- Ohio Legislature Proposes Major Reform of Ohio Employment Discrimination Law
- April 13, 2017 | Authors: Stephen R. Beiting; Patrick O. Peters
- Law Firm: Jackson Lewis P.C. - Cleveland Office
The Ohio employment discrimination statute may be in for substantial changes. A bill aimed at comprehensive reform of Ohio’s employment discrimination statute (R.C. § 4112) has been introduced Ohio Legislature.
Key provisions in House Bill 2 would amend R.C. § 4112 to:
- Eliminate individual liability for supervisors and managers,
- Reduce the applicable statute of limitations to initiate claims,
- Streamline age discrimination claims, and
- Modify procedures for asserting claims.
Significantly, House Bill 2 would revise the definition of “employer” under R.C. § 4112 to exclude individuals acting in their employer’s interest. This revision would eliminate individual liability for managers and supervisors and move Ohio in line with federal law.
House Bill 2 also proposes a substantial reduction in the statute of limitations for employment discrimination claims brought under Ohio law. Currently, employees can bring employment discrimination claims under Ohio law up to six years following the occurrence of the alleged incident. House Bill 2 would reduce this to 365 days for all employment discrimination claims.
In addition, the bill would modify Ohio law on age discrimination claims. Under Ohio’s current statutory scheme, age discrimination claims are handled differently than claims related to other protected classes, such as race and gender. The proposed legislation would consolidate age discrimination claims with other types of employment discrimination claims to equate age to other protected classes.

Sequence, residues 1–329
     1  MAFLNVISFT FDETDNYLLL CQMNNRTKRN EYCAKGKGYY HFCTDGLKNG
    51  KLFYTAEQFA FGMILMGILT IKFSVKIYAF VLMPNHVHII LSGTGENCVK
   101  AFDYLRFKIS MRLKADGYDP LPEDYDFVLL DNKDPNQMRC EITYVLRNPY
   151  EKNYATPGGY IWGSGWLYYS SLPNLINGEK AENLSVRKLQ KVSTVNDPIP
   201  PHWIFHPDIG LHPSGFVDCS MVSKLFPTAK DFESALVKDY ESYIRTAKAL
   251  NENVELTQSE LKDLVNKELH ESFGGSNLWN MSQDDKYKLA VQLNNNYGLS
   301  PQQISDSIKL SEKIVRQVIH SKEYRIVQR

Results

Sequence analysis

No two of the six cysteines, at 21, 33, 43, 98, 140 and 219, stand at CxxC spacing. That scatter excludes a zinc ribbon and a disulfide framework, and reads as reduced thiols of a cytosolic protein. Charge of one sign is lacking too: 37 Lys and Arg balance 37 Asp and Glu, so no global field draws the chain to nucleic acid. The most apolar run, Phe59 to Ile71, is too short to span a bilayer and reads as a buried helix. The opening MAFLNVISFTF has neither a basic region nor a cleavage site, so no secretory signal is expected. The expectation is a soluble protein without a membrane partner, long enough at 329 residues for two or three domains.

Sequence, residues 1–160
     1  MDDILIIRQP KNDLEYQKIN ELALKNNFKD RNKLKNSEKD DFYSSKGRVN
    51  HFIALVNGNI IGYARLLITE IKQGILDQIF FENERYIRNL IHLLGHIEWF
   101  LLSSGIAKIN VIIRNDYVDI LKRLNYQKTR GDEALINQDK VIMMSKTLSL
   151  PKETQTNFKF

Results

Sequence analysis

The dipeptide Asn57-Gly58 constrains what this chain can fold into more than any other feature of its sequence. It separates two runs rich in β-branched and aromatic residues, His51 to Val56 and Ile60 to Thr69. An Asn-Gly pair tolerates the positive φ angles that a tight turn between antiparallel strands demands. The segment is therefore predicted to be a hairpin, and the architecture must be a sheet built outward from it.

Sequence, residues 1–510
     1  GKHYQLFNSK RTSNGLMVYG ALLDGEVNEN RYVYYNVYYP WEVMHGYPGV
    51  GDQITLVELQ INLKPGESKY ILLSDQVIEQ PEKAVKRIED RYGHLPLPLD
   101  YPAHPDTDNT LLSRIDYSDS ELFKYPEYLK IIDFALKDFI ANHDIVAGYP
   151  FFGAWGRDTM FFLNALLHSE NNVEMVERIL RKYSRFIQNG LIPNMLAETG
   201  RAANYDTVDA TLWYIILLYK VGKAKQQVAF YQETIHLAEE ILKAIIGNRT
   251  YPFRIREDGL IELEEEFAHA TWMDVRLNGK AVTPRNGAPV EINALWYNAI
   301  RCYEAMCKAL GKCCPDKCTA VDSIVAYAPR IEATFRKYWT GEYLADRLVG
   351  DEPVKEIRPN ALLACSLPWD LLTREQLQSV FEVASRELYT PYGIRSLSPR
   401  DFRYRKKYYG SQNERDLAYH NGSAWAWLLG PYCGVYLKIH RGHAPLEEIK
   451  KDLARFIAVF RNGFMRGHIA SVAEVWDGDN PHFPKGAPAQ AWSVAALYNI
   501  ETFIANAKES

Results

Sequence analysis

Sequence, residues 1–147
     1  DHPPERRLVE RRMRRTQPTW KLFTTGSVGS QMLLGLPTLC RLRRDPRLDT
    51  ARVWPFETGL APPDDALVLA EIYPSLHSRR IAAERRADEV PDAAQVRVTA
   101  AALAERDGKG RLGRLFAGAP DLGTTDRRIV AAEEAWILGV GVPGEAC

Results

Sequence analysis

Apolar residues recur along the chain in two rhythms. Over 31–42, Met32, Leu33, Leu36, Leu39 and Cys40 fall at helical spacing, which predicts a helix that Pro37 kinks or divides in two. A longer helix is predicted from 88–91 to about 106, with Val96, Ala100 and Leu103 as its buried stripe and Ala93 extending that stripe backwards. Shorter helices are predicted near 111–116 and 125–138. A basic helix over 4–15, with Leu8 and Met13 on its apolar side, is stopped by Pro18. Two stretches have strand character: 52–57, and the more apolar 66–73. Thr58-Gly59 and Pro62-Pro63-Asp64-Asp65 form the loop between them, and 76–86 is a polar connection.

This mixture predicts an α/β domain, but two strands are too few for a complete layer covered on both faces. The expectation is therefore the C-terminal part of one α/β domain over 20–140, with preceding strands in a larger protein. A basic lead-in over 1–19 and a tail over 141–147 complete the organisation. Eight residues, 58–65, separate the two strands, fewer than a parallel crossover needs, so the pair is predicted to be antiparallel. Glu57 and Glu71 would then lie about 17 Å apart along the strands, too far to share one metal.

Another key provision of House Bill 2 would alter the interaction between administrative claims and civil lawsuits. Currently, employees can file charges of discrimination with the Ohio Civil Rights Commission while concurrently pursuing a lawsuit in state court. The proposed legislation would prohibit these types of duplicative legal proceedings by requiring employees to choose between filing an administrative charge or a civil lawsuit.
The legislation proposes other changes, such as the creation of an employer affirmative defense to vicarious liability in some hostile work environment cases and encouraging the use of alternative dispute resolution in the administrative process.
The bill was introduced in the Ohio House on February 1, 2017, by Representative William Seitz (R-Cincinnati). House Bill 2 was referred to the Committee for Economic Development, Commerce, and Labor, but has not yet been scheduled for a vote.
The changes proposed by House Bill 2 would substantially affect employment discrimination law in Ohio. Jackson Lewis will continue to monitor the progress of the legislation. Jackson Lewis attorneys are available to assist employers in navigating Ohio’s employment discrimination law.